Anyway, it’s something like that. Be happy I (or anyone else) can’t describe transcendence in its full dimensional clarity – it’s better than that. Its grace to be savored and experienced, not understood through direct observational perception. It’s that thing you forgot you knew. But don’t worry. Don’t ever worry. The amnesia is only temporary. Meanwhile how about a game of pool? I’ll put on some records. I’ve got’em on mp3 now. And no talking. We’ll just shoot billiards and listen to the waves on Walden Pool.

Japanese Street Sign

May be an image of skyscraper and streetI’d follow these instructions, if I knew what they meant.
Any ideas?
1. Do not ovulate for 20 minutes?
2. Cars must yield to all arrows.
3. $20 resort fee to be paid at end of street.
Note: It’s better to have signs like this and not need them, than to not have signs like this and need them.

Dave Reviews Books

  1. I Married a White Man – Wanda Calvert, a Baltimore washerwoman, explains how it came to be that she married a white man. The fact that she is also white makes the story very uninteresting.
  2. I Loathe Lucy – Willam Frawley takes us on a dark journey into the seamy underbelly of Desilu Studios. He takes particular aim at “Little Ricky’s” incredible growth spurt. More specifically Mr. Frawley decries the implausibility of Little Ricky being born one season and showing-up as a wise-cracking 5-year-old in the next.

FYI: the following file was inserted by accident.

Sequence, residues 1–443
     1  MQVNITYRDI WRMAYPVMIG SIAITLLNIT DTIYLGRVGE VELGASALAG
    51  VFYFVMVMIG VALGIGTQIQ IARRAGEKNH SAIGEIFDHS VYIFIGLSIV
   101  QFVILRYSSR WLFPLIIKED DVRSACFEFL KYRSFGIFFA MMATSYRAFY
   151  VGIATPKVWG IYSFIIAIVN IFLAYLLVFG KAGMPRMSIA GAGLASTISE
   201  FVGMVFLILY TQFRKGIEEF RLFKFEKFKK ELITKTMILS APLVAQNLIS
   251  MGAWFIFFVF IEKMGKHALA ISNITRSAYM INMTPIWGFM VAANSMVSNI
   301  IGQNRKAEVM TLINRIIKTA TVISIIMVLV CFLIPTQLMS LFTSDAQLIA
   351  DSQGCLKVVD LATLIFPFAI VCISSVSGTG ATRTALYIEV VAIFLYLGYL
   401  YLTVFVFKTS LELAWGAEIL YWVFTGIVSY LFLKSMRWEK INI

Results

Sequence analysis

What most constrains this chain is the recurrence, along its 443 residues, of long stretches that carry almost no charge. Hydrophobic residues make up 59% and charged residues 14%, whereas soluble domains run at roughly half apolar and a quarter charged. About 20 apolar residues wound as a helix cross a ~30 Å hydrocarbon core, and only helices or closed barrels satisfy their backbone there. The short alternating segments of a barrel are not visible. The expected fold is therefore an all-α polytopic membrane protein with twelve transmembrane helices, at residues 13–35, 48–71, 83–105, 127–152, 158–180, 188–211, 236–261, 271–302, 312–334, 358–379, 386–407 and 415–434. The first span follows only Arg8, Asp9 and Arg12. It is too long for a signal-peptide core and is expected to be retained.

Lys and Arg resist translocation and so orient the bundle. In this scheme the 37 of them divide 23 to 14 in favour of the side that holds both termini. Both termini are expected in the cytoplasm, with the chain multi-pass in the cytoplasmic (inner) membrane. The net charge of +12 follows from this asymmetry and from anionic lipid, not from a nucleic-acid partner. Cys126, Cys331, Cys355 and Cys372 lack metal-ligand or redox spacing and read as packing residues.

3. One Door Closes, Another Opens – An elderly female elevator operator from Pasadena is forced to retire after she accidentally inhales too much clumping cat litter. Her coworkers now call her, ♫The Little Old Lady with Emphysema.♫ When asked how she was doing the former elevator operator responded, “Well I don’t have as many ups and downs as when I was working.” In the British edition of this book, the little old lady is a lift operator from Wuthering Heights.
  4. This Plant is Closed – The story of a Venus flytrap as seen through the compound eyes of a newly imprisoned fly. And yes, near the end, the fly does eke out a forlorn “Help me!”
  5. This Plant is Closed – The story of a straw manufacturing plant as seen through the hole of the final straw. And when that final straw rolls off the assembly line, a visibly moved CEO picks it up and cries, “We’re closing now. This is the last straw.”



The Not So Good Ones